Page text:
Tesla Battery Fire update
Batteries

Tesla Battery Fire update



Latest update [8th October]: “Tesla Motors had regained most of the value it lost in the wake of the accident” after Jefferies analyst Elaine Kwei boosted her price target on the company’s stock to $210 after visiting Tesla and test driving a Model S.

Key points:

  • Tesla shares fall 6% 24 hours after the news broke
  • Drop is shares may also have been caused by an analyst downgrade
  • Incident report suggested the fire was started in the battery
  • Driver is said to have hit a large piece of metal debris that caused the crash
  • firefighters said to have struggled to contain the flames
  • [8th October]Tesla’s stock value recovers almost to the pre-fire value

Statement from Tesla:

“The vehicle performed as it was designed to do…

…On Tuesday, a Model S collided with a large metallic object in the middle of the road, causing significant damage to the vehicle, the car’s alert system signalled a problem and instructed the driver to pull over safely, which he did. No one was injured, and the sole occupant had sufficient time to exit the vehicle safely and call the authorities.

The fire occurred after one of the 12 batteries used to power the vehicle was ruptured, and ignited. Each of (more…)

EU approves €20.5 million of aid to Renault for the development of diesel hybrid commercial vehicles
Clean air & anti-polution

EU approves €20.5 million of aid to Renault for the development of diesel hybrid commercial vehicles


In a press release on the Europa.eu website, the European Union have announced the approval of a €20.5 million grant to Renault for the development of diesel hybrid commercial vehicles.

Renault applied for the funding through the French Government National Loan programme in 2012, to support their HYDIVU project: to develop a diesel hybrid drivetrain for a low carbon vehicle based on the Trafic and Master range of commercial vans. The project was accepted by the French Government in 2012 and has since been approved by the EU.

Renault will carry out the HYDIVU project in collaboration with three other companies (Continental, Valeo and LMS International) and a research body (IFPEN).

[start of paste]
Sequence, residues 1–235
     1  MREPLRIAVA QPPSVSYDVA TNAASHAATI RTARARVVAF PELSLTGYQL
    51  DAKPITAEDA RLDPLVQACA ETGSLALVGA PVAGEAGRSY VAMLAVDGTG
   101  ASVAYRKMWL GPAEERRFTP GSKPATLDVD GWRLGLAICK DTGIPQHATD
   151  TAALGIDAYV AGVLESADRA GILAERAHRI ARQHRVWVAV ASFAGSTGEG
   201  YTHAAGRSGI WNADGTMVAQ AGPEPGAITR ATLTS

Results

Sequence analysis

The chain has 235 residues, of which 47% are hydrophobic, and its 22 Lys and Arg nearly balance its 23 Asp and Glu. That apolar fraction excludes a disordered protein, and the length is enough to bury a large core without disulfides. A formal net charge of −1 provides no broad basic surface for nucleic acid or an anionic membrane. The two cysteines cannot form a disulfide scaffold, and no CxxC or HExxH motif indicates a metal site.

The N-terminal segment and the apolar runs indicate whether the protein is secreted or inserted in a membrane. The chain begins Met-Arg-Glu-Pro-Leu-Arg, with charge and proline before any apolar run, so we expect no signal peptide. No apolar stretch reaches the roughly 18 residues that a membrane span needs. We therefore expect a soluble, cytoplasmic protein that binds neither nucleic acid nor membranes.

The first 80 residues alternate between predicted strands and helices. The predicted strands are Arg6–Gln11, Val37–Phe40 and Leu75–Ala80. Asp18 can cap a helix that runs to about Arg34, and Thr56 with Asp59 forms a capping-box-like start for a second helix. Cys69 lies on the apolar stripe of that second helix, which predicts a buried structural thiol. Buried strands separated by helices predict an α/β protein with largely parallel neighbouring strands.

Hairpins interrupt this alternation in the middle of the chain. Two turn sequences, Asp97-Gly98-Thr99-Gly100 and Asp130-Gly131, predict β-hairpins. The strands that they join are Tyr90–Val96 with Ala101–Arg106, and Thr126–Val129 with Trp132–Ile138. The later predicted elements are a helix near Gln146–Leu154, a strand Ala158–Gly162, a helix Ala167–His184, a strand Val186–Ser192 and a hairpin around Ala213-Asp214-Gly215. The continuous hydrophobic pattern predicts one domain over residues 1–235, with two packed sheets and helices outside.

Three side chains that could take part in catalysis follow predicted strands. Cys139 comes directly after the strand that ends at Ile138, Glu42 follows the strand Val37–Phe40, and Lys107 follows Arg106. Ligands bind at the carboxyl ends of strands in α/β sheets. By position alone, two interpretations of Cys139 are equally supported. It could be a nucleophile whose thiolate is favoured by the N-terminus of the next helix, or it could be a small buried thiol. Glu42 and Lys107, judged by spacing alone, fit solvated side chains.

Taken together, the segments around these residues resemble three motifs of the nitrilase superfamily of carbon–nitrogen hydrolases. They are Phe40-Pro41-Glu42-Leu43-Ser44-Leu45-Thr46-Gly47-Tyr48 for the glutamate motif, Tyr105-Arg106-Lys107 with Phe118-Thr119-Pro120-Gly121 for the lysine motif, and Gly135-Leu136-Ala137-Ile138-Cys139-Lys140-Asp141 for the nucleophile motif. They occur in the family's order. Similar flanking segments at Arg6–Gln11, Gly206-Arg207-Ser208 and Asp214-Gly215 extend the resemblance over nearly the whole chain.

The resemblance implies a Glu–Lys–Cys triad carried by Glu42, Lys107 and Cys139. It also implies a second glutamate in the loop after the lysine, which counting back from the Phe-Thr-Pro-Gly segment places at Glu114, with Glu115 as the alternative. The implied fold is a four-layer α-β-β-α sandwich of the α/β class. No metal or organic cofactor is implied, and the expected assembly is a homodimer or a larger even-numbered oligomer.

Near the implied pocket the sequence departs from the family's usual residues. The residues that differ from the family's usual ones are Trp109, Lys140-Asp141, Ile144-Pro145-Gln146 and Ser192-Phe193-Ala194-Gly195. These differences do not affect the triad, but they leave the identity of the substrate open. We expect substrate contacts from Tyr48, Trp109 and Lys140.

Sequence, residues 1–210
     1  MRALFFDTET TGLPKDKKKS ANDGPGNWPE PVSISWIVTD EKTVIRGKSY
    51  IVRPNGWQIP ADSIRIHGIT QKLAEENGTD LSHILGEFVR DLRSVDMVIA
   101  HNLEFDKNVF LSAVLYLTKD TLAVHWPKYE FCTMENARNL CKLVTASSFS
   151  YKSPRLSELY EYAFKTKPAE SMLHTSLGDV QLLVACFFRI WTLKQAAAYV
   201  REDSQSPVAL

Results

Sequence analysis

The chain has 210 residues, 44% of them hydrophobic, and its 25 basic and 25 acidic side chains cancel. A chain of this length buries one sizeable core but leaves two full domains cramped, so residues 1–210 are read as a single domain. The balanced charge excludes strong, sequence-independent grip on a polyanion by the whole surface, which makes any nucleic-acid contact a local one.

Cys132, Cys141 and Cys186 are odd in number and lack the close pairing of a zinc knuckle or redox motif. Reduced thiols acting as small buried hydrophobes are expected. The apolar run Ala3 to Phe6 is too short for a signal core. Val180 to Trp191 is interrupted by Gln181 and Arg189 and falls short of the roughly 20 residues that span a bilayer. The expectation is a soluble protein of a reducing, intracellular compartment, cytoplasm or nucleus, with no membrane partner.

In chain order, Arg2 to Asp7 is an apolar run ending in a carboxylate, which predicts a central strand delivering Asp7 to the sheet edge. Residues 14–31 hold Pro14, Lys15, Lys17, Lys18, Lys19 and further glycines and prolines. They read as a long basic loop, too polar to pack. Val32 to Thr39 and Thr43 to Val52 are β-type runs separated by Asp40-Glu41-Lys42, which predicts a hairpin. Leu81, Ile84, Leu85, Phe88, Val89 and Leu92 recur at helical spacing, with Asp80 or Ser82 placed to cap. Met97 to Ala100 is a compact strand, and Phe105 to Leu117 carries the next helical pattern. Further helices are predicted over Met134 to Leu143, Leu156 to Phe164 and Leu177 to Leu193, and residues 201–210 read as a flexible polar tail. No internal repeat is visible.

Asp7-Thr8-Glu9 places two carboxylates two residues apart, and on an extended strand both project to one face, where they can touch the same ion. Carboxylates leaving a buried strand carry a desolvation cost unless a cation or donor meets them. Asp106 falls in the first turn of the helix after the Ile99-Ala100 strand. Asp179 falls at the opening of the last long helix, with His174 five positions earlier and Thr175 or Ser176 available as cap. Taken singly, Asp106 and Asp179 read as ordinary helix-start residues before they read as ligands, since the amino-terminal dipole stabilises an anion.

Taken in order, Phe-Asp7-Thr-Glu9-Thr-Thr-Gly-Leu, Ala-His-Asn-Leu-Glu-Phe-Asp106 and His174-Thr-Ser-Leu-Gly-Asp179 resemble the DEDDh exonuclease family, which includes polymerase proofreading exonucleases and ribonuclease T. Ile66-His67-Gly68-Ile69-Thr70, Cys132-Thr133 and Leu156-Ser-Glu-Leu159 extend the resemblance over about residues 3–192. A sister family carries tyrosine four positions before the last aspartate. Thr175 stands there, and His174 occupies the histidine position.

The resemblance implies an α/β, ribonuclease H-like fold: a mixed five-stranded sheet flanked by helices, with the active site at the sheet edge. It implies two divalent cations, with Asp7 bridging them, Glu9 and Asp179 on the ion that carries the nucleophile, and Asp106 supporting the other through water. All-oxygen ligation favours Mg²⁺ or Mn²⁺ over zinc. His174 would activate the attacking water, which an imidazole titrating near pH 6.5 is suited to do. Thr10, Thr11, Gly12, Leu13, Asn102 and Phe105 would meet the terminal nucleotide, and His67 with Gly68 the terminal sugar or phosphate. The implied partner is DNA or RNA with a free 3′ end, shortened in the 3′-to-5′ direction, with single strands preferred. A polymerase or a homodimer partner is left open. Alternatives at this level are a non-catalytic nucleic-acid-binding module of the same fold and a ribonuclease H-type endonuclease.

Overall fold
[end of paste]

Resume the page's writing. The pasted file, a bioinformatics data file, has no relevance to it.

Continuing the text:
The approval has been granted despite concerns that it presents an unfair market advantage to Renault – The EU considered that drive trains for vehicles of this type were not being developed by other manufacturers or by Renault, and would not be without funding of this type.

In the words of the EU, there was a “genuine market failure” and it is “both necessary and sufficient to spur Renault to carry out an R&D project that it would not otherwise have launched of its own volition”

To explain: commercial (more…)

Policy explained: UK Government strategy for ultra low emission vehicles until 2020
e-mobility

Policy explained: UK Government strategy for ultra low emission vehicles until 2020


The UK Government’s Office for Low Emissions Vehicles (OLEV) is a cross Government, industry-endorsed team combining policy and funding streams to simplify policy development and delivery for ultra low emission vehicles, setup in 2009.

OLEV currently comprises people and funding from the Departments for Transport (DfT), Business, Innovation and Skills (BIS), and Energy and Climate Change (DECC). The core purpose is to support the early market for electric and other ultra low emission vehicles (ULEVs).

In September 2013 the coalition government published an updated, 104-page report outlining their ambitions, funding and policy support for ultra low emission vehicles in the UK: “Driving the Future Today – A strategy for ultra low emission vehicles in the UK”

Here is a summary of the report by EVMarkets.com to explain how much money is being committed, the structure of the funding and the schemes in place to support the EV and ULEV industries…

Summary of funding and investments:

Total claimed investment between 2009 and 2020: £1bn GBP ($1.6bn USD €1.19bn EUR), as follows:

  • £400 million initial funding from 2009 to 2015
  • Creation of a £1 billion Advanced Propulsion Centre, funded by Government (£500m) and industry